Criticism: The two battle maps in the book felt boxy too me. While 18th century warfare was very rigid in its structure, the maps feel odd and seem to exaggerate the number of troops on the field with huge blocks of infantry. The illustrations could also have been placed better in the book, as you find a picture of the French Irish Brigade about 10 pages after you hear about their attack.

The War of Austrian Succession is mostly overlooked, but it still remains a very important war. Maria Theresa kept her claims to the throne, and it eventually led to the Seven Years’ War. Saxe’s strategies influenced Napoleon Bonaparte later in the early 19th century. Seeing the British defeat as an opportunity, the Jacobite Rebellion sprang up in Scotland. While the Battle of Fontenoy was 3 years before the end of the war, it remains a turning point, and a remarkable French victory over the British, Hanoverians, and Dutch.

Rating: 4/5

Invasion of the Waikato: Warfare on the Other Side of the World

Since 1845, the British had been fighting the Maori in New Zealand in an effort to crush any resistance of British control in the colony. The Maori, who lived on the North Island of New Zealand, did not want any British rule over their land, and they fought wars over the rights to sell and have jurisdiction over land. By 1863, the wars had involved a greater and greater number of British troops in order to suppress the Maori King Movement, which called for the formation of a unified Maori nation under one king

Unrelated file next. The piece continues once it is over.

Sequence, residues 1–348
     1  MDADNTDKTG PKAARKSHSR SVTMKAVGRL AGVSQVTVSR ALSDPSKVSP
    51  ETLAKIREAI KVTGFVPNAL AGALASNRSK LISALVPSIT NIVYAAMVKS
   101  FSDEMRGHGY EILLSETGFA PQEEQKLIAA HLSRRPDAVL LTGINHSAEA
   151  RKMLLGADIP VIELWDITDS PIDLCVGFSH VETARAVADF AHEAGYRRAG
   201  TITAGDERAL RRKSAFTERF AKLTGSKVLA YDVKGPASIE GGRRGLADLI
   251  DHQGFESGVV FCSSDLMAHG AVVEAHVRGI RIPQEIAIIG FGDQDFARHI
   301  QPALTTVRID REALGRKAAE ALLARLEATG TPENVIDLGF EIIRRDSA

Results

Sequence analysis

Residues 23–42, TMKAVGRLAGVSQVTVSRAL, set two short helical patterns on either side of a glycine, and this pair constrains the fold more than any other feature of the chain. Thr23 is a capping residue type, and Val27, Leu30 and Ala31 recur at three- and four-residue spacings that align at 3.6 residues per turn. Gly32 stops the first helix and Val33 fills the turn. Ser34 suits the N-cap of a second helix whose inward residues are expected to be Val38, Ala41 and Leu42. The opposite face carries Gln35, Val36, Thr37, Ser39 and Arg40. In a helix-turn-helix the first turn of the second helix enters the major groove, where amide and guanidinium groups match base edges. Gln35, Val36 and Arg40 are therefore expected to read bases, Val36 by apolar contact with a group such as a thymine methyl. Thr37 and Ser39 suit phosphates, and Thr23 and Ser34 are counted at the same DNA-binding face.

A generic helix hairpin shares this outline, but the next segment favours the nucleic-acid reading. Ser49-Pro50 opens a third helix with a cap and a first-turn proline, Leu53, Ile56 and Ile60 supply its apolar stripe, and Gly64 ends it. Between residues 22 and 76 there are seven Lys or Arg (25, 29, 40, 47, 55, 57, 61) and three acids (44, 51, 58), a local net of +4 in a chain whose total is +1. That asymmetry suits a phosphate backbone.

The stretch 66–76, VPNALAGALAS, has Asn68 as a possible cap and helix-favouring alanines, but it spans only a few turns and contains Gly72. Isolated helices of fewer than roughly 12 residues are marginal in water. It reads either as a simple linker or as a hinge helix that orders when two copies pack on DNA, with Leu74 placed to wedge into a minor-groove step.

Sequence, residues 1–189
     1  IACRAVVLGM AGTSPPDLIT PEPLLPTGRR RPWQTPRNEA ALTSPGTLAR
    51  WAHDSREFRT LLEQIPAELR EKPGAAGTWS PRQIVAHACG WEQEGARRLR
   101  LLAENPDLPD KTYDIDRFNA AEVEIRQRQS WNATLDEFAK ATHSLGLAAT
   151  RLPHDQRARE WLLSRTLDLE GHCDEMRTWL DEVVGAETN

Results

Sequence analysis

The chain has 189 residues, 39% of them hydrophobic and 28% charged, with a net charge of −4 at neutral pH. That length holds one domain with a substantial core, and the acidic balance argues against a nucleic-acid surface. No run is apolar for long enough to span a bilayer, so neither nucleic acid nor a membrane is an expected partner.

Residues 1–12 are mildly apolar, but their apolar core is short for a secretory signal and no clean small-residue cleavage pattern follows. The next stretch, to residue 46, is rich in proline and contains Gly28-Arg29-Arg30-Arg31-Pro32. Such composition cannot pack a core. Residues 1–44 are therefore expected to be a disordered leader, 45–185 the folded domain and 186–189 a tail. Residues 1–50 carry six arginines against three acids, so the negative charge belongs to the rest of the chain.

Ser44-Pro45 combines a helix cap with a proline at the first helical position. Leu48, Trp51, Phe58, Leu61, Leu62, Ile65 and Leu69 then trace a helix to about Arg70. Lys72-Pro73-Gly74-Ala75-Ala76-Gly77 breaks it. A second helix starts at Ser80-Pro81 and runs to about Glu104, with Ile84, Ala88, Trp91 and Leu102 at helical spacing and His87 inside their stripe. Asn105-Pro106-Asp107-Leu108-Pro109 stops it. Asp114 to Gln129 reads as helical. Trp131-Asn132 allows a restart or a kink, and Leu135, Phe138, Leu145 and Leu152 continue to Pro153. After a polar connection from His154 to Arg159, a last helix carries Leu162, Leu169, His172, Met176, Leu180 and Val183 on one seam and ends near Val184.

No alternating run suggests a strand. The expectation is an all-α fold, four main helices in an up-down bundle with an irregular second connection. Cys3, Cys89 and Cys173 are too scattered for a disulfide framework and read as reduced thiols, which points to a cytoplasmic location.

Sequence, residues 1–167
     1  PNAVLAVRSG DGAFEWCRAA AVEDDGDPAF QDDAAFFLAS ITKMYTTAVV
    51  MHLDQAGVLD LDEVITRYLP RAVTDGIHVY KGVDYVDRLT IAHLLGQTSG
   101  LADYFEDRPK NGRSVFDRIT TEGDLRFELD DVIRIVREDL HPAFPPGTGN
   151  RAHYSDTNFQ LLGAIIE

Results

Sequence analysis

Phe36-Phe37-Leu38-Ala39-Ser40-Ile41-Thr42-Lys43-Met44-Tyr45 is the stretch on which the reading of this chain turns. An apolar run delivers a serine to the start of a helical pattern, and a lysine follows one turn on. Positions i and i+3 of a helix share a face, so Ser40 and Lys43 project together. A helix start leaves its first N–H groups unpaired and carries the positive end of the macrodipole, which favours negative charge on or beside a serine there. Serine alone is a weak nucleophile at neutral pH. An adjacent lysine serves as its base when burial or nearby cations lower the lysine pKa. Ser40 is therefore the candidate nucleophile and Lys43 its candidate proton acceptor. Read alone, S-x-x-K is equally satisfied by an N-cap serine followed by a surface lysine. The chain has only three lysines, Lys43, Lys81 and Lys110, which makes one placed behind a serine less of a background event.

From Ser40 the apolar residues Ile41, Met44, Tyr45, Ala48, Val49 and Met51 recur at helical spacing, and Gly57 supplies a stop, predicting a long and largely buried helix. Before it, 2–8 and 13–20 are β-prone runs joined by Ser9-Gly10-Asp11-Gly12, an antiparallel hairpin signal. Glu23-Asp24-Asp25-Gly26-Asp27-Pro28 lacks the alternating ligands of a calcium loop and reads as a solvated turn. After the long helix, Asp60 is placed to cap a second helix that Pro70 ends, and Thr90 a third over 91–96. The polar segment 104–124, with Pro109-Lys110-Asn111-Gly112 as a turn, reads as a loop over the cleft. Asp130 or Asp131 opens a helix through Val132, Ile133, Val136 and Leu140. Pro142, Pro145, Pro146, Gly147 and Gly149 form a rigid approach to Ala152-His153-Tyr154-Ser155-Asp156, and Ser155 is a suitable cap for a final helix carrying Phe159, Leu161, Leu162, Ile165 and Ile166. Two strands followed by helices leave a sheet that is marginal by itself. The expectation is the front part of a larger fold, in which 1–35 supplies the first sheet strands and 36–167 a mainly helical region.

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British troops in New Zealand. Note the blue uniform to blend into the underbrush.

The British governor of New Zealand, George Grey, decided to crush the Maori King Movement, which was centered in the Waikato Region. The British forces, under the command of Lieutenant-General Duncan Cameron, numbered around 15,000, which was a massive number compared to that of the Maori. Cameron’s force of colonials crossed the Waikato River on July 12, 1863, and the Maori met the British troops in various engagements.

Wiremu Tamihana, the leader of the Maori force, clashed with British troops at the Battle of Meremere on October 12, and the British attacks were not decisive enough to Crush the Maori. Tamihana lead his troops from the pa, a defensive settlement, and slipped away in the night.